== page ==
In the US, President Clinton promised to return Aristide to Haiti. Following large pro-Aristide demonstrations by Haitian expats, as well as significant international pressure, Clinton deployed US troops in Haiti as the country's military regime backed down. Aristide was subsequently returned to the Haitian presidency in October of 1994 to finish his term. The next year, he founded the social-democratic political party Fanmi Lavalas, which was soon renamed the Struggling People's Organization.

Jean-Bertrand Aristide

HECTOR RETAMAL/AFP/Getty Images

Second Presidential Term

In 2000, Aristide won a second presidency in the election. During his second term, it was alleged that he increasingly used street gangs to enforce his power and terrorize his political rivals. Following the murder of gang leader Amiot MĂ©tayer in 2003, MĂ©tayer's supporters targeted the president, believing he had ordered the murder. In 2004, rebel forces escalated their campaign, eventually invading the capital and deposing Aristide. Amid the chaos, Aristide and his family were flown out of Haiti to Jamaica. After spending several months there, the family relocated to South Africa.

Political Accomplishments

During his presidency, Aristide oversaw many reforms to Haitian society. His government helped increase access to health care and education; bolster protections for people accused of crimes; promote civil liberties; double the minimum wage; build low-cost housing; and support small farmers and fishermen. Along with René Préval, Aristide built 195 new primary schools and 104 new secondary schools, and provided thousands of scholarships to children. In terms of health care, Aristide oversaw the establishment of a successful AIDS prevention and treatment program. Among his other notable accomplishments as president, he launched the first trials of paramilitary death squads, successfully jailing many of their members and wealthy financiers.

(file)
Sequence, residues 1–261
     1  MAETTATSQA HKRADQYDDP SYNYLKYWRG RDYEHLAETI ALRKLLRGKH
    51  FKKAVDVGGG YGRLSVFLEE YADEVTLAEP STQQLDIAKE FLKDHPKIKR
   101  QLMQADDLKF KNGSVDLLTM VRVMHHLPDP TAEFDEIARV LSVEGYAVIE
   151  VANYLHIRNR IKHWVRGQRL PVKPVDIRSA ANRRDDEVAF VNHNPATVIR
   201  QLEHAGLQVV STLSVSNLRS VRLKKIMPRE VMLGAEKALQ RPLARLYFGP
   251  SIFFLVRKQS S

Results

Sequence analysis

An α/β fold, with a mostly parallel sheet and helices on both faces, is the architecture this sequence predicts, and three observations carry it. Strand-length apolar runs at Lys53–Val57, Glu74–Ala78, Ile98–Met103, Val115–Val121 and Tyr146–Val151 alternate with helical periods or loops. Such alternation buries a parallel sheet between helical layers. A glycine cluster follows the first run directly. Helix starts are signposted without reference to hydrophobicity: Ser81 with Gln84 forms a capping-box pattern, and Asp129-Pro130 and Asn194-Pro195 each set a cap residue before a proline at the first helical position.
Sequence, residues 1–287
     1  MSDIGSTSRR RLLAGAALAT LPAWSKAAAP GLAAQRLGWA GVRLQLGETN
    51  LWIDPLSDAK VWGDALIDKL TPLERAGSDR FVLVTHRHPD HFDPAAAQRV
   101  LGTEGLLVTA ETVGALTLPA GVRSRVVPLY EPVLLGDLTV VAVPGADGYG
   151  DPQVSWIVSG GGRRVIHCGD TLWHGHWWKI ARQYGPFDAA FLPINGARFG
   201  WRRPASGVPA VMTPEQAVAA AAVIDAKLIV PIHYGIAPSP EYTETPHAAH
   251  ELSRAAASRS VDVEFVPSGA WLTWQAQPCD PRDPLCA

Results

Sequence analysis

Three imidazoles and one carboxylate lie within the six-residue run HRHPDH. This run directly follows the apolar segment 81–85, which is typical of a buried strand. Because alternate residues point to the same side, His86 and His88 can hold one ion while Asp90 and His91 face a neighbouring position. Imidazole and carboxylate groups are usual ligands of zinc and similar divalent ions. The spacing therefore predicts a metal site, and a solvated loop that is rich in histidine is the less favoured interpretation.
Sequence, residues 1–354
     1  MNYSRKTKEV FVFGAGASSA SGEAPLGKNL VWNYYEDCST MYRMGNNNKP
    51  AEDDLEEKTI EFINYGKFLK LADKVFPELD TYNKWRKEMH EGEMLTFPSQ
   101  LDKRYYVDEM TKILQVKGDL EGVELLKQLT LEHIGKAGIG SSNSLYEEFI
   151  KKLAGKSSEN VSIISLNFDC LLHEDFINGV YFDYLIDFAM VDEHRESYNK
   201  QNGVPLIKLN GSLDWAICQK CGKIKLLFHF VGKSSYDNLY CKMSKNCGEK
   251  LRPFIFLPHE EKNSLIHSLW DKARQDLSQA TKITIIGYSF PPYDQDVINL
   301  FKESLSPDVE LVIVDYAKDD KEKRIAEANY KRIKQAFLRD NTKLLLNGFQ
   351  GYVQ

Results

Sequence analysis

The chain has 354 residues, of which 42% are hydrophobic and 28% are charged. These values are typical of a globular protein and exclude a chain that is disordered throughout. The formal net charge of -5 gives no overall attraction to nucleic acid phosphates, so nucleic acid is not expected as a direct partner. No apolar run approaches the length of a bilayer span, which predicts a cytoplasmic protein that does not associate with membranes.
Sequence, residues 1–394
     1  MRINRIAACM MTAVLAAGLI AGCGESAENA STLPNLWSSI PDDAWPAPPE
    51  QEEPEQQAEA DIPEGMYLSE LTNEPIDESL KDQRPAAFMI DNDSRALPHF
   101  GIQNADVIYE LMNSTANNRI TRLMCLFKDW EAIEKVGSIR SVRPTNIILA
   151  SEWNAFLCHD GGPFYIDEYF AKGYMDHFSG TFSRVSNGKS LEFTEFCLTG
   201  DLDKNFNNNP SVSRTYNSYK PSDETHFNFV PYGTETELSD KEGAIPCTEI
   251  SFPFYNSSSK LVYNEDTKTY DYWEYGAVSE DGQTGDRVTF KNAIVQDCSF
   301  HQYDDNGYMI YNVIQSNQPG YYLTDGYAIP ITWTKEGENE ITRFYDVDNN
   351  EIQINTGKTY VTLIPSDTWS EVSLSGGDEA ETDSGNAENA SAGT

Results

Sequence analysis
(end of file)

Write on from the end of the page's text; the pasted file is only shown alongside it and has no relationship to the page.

Criticisms

Although he pushed for democracy and civil liberties, Aristide allegedly engaged in some human rights abuses as president. Human Rights Watch accused the Haitian police force under him of attacking opposition activists, something he appeared to encourage in his speeches. Aristide was also accused of corruption due to his government's alleged deals with various corporations.

Post-Exile

After around seven years in exile, Aristide returned to Haiti in 2011. At first, he abstained from getting back into politics. In 2014, Aristide was placed under house arrest during a corruption investigation. A couple years later, he returned to electioneering, touring Haiti to promote candidates from the Fanmi Lavalas party.

Personal Life

In early 1996, Aristide married lawyer Mildred Trouillot. They have two daughters together.

All net worths are calculated using data drawn from public sources. When provided, we also incorporate private tips and feedback received from the celebrities or their representatives. While we work diligently to ensure that our numbers are as accurate as possible, unless otherwise indicated they are only estimates. We welcome all corrections and feedback using the button below.